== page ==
The David of old who became King of Israel proved his mettle for leadership when he did what all in Israel were afraid to do: he stood up to the giant who publicly insulted the Jewish nation. David stood firm and declared that his faith was in the G-d of Israel, not the accumulation of power. The powerful Goliath of that world intimidated Jewish leadership. He spoke as he pleased. He hectored. He spurned. As he showed his disdain, Israel remained silent, passive.
We were recently reminded of that ancient Goliath as we watched US Secretary of State Hilary Clinton, US Secretary of Defense John Panetta and US Ambassador to Belgium Howard Gutman stand up within a single four-day period in early December 2011 to insult Israel by accusing her alone among the nations of the Middle East of diplomatic intransigence, women’s rights repressions and assaults against democratic freedoms—and for being the cause of Muslim Jew-hatred. Given the relentless oppression of the Arab Middle East (and their refusal to negotiate), these accusations were as over-reaching as they were absurd. But they were spoken—with a Goliath-like arrogance.
The question now becomes, how should Israel’s leadership respond—not so much to these individual speeches, but to the overall hardening of American attitudes towards Israel. To date, Prime Minister Netanyahu has played a complex boxer’s game with the US: if the Obama administration takes a punch at Israel, Mr, Netanyahu dances-like-a-butterfly away from the attack; then, if the US continues to press, he yields—and harasses religious nationalists and rabbis to demonstrate his allegiance to the Goliath who bullies him.
The problem with this strategy is that it fails to address the key issue—that the prime enemy of peace in the Middle East is the jihad-embracing Arab—while it encourages ever more pressure on a back-pedalling Israel. Israel can back-pedal only so far; indeed, compared to four years ago, Israel has practically ‘given away the store’: we have committed to a continuing unofficial building freeze in Judea and Samaria (except for the occasional token few building permits), which has allowed the US to create a housing and social crisis in Israel; we have seen an increasing number of Jewish homes demolished on the altar of international ‘political correctness’; we have seen an increasing number of Jewish arrests and harassments in Judea and Samaria as crimes by Arabs and Leftists go uninvestigated; and, perhaps worst of all, we have accepted (for the very first time) 1949 borders for Israel even before negotiations for peace begin. In addition, other developments pressure Israel which did not exist four years ago: an Iran closing in on a nuclear weapon; announcements by China and Russia that they will side with Iran; a unilateral request for a new Arab state; the shocking reality of an overwhelmingly hostile United Nations; and the real possibility that, if Barack Obama is re-elected US President next year, the United States will turn ever more hostile to Israel. Meanwhile, Mr. Netanyahu’s passive-silence/passive back-pedaling approach to all of this does not appear to have produced tangible results: since four years ago, Israel is far closer to being delegitimized than we could have imagined in 2007.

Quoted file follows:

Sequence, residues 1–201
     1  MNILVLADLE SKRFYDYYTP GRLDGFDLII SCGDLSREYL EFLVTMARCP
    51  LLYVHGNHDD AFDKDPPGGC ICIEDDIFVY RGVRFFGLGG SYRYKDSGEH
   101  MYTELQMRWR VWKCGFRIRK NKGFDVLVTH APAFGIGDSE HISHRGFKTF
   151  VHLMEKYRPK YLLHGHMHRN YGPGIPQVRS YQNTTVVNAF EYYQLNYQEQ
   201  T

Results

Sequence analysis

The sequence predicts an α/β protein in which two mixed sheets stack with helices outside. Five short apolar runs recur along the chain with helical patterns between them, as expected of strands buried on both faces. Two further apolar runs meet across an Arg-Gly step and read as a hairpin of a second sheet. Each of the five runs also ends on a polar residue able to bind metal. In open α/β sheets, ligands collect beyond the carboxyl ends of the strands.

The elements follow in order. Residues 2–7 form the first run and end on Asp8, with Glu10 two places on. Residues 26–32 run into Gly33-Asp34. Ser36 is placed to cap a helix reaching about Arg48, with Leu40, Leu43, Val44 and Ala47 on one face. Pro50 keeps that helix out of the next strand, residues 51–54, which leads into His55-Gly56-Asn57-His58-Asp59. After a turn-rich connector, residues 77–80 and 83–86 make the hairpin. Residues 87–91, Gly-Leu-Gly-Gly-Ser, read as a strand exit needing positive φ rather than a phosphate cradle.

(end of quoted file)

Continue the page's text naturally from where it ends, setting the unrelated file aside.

As David the king-to-be faced his Goliath, he did not back-pedal. He did not react with silent acquiescence. He also did not end up further in the hole as a result of a studied passivity. He stood firm. He proclaimed his faith in the G-d of Israel—and we saw his courage not just facing Goliath; we saw it also in his public commitment to G-d.
If you don’t believe it takes courage to commit publicly to G-d as you face your enemies, look at today’s leaders: Netanyahu, Peres, Barak, Livni. None speaks publicly of G-d. In fact, the last leader to speak Gd's name publicly in the Knesset was former US President George W. Bush. We want courage from our leaders—and right now, we see back-pedalling, not courage. This is not a hypothetical issue because, as this nation turns increasingly Right--and observant--Likud members know that Moshe Feiglin has announced his candidacy to replace Netanyahu as head of Likud; and Feiglin, unlike Netanyahu, is not afraid to commit publicly to the G-d of Israel. This commitment is important because Jewish history is clear: G-d, Jewish Leadership and our survival are, for this unique nation, uniquely interrelated--and David-the-future-King showed us that courage makes this interrelationship—and our survival--possible. Without that courage, Israel back-pedals. Moshe Feiglin understands this because he understands faith and Jewish history. Netanyahu only understands it because he fears Feiglin (recall the last internal Likud elections). Now, as Likud turns further Right, Netanyahu wants to change Party rules to stay in power. Will Likud members continue to allow him to back-pedal away from the Likud Platform? Israel's immediate future will depend on their answer.